Tax-exempts ended Tuesday weaker, following Treasuries, as market participants said this week’s trading activity remained slow.
With yields still hovering around their all-time lows and the market waiting for news from the Federal Open Market Committee on Thursday, the municipal bond market is in limbo.
One Chicago trader expressed frustration over the slow trading session which he described as a “non-event” day.
“I think if people can find a way not to do business and somehow wait, they are doing that,” a Chicago trader said. “If someone comes in and wants your bonds and you want to force liquidity, you’re going to pay for that. If you’re trying to make something happen you’re not going to get what you’re looking for.”
He added the market is irritated over the lack of activity. “It’s frustrating because relative to other things out there, our asset class could be considered attractive but absolute rates are a problem and there is so much external noise that could push us one way or the other.”
Still, there is a perceived avalanche of supply, but traders have yet to experience it. “The word is the calendar is building but it’s just not here right now,” the trader said. “So you just deal with what you have in front of you. And I’m just not getting a lot done.”
Other traders noted that while activity was slow, munis traded lower. “Munis are down a bit,” a New York trader said. “But it’s a bit slow. People are complaining that munis are hard to trade right now.”
In the primary market, Barclays Capital priced $156.3 million of Texas general obligation and water financial assistance bonds, rated triple-A by Moody’s Investors Service and Fitch Ratings and AA-plus by Standard & Poor’s.
Yields ranged from 0.26% with a 2% coupon in 2013 to 3.62% with a 3.5% coupon and 3.52% with a 4% coupon and 3.14% with a 5% coupon in a split 2041 maturity. The bonds are callable at par in 2022.
Jefferies & Co. priced $141.6 million of New York’s Onondaga Civic Development Corp. tax-exempt revenue bonds for St. Joseph’s Hospital Health Center Project, rated Ba1 by Moody’s and BB-plus by Standard & Poor’s.
Yields ranged from 2.15% with a 2% coupon in 2013 to 4.95% with a 5% coupon in 2042. The bonds are callable at par in 2042.
In the competitive market, JPMorgan won the bid for $197 million of Arkansas federal highway grant anticipation and tax revenue general obligation bonds, rated Aa1 by Moody’s and AA by Standard & Poor’s.
Yields ranged from 0.35% and 0.37% with 5% coupons in a split 2015 maturity to 1.63% and 1.69% with 5% coupons in a split 2021 maturity. Credits maturing between 2022 and 2024 were not formally re-offered. The bonds are callable at par in 2022.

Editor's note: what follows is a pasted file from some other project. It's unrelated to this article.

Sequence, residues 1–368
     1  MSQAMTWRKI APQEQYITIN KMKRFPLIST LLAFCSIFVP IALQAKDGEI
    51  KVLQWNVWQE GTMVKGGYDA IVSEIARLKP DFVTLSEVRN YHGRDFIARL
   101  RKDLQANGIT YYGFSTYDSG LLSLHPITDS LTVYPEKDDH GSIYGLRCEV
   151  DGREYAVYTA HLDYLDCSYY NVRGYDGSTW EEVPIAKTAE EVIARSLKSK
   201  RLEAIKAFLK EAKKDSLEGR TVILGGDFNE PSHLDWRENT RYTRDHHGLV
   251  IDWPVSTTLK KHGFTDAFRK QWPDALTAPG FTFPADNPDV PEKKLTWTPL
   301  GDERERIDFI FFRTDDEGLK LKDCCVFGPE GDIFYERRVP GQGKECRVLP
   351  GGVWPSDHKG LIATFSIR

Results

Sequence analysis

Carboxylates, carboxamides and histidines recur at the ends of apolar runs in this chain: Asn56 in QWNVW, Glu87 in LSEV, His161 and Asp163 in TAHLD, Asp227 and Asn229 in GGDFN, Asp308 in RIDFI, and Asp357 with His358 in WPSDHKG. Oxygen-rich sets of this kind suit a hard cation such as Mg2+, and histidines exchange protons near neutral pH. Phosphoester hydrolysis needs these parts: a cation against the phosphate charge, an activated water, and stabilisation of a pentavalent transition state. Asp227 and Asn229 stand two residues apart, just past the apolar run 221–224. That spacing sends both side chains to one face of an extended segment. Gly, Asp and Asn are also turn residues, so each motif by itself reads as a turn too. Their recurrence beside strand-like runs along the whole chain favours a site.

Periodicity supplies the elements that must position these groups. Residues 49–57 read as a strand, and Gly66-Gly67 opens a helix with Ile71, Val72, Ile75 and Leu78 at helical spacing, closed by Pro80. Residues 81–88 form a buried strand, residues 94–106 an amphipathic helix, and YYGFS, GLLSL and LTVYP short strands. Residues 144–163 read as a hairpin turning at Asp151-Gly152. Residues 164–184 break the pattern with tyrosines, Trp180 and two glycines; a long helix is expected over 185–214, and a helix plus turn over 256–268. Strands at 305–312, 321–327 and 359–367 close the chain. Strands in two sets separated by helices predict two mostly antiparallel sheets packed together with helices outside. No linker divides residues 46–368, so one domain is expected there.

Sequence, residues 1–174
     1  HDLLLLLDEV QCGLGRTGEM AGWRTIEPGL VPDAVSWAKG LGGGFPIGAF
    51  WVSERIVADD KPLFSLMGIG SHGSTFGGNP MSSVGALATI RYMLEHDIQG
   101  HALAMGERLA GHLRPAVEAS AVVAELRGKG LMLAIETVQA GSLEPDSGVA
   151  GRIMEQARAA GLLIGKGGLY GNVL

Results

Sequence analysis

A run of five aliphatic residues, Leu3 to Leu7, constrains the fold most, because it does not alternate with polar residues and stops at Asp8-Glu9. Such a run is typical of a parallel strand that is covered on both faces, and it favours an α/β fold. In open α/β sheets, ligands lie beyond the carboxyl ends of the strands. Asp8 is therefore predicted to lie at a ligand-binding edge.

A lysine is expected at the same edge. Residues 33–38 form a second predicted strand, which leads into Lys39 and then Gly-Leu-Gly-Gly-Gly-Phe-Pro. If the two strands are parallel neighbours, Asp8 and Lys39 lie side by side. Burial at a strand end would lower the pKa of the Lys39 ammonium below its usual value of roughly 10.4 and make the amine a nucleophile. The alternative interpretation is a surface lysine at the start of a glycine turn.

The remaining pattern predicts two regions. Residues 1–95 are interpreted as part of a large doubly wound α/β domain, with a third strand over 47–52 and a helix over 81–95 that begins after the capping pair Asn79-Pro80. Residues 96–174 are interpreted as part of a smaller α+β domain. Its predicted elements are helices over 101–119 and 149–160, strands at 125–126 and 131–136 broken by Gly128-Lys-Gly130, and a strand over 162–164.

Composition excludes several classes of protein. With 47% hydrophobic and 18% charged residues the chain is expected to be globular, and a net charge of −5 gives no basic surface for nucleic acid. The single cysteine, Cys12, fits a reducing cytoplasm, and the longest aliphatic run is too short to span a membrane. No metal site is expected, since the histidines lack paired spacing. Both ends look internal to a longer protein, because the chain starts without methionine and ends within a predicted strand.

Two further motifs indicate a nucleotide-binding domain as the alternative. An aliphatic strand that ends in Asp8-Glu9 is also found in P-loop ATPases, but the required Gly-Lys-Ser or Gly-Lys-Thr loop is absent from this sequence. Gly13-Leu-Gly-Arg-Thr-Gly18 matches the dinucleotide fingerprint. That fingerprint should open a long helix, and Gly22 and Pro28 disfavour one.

Bank of America Merrill Lynch won the bid for $171.9 million of Missouri state water pollution and fourth state building GO refunding bonds in two series. The bonds are rated triple-A by the three major rating agencies.
Yields on the first series, $65.8 million of state water pollution control GO refunding bonds, ranged from 0.20% with a 3% coupon in 2013 to 1.27% with a 3% coupon in 2019.
Yields on the second series, $106.1 million of fourth state building GO refunding bonds, ranged from 0.20% with a 3% coupon in 2013 to 1.71% with a 2% coupon in 2021.
On Tuesday, the 10-year Municipal Market Data yield jumped two basis points to 1.81% while the 30-year yield increased one basis point to 2.94%. The two-year closed at 0.29% for the 33rd consecutive session.
Treasuries finished lower. The benchmark 10-year yield increased two basis points to 1.70% while the 30-year yield rose one basis point to 2.84%. The two-year was steady at 0.26%.
In the secondary market, trades compiled by data provider Markit showed mostly weaker trades. Yields on College Station, Texas, Independent School District 2s of 2032 jumped four basis points to 2.91%.
Yields on Puerto Rico Commonwealth 5.5s of 2039 and Wylie, Texas, Independent School District 5s of 2022 rose three basis points each to 5.14% and 1.99%, respectively. Yields on Iowa’s Tobacco Settlement Authority 5.625s of 2046 and New York City Municipal Water Finance Authority 5.724s of 2042 increased two basis points each to 6.27% and 3.90%, respectively.
To be sure, a few trades were stronger. Yields on Pennsylvania Turnpike Commission 5s of 2042 dropped four basis points to 3.48% while New Jersey Economic Development Authority 7.425s of 2029 fell three basis points to 4.93%.
So far in September, munis have outperformed Treasuries as tax-exempts have weakened, but not as much as Treasuries. The muni yield to Treasury yield ratio fell as munis outperformed Treasuries and became relatively more expensive.
The five-year ratio dropped to 104.5% on Tuesday from 111.3% on Sept. 4. The 10-year ratio fell to 106.5% from 109.5% at the beginning of the month. The 30-year ratio dropped to 103.5% on Tuesday from 107.4% at the start of September.
But from the beginning of the year, munis look comparatively cheaper to Treasuries, at least on the short and intermediate part of the curve. Ratios have risen as munis underperformed their taxable counterparts. The five-year muni yield to Treasury yield ratio jumped to 104.5% from 98.9% on Jan. 3. The 10-year ratio increased to 106.5% from 96.4% at the beginning of the year.
To be sure, ratios on the long end have plummeted since the beginning of the year when the 30-year ratio started at 119.4%.